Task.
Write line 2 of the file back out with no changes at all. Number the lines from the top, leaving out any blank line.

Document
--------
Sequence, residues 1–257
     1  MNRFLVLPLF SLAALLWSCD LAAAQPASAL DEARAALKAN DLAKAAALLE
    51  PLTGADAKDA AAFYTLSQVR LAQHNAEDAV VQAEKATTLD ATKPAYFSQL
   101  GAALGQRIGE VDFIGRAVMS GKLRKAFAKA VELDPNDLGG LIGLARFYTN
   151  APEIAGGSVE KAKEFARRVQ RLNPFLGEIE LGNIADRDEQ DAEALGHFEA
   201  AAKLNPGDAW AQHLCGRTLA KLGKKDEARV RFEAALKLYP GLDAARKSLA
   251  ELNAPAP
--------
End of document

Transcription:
     1  MNRFLVLPLF SLAALLWSCD LAAAQPASAL DEARAALKAN DLAKAAALLE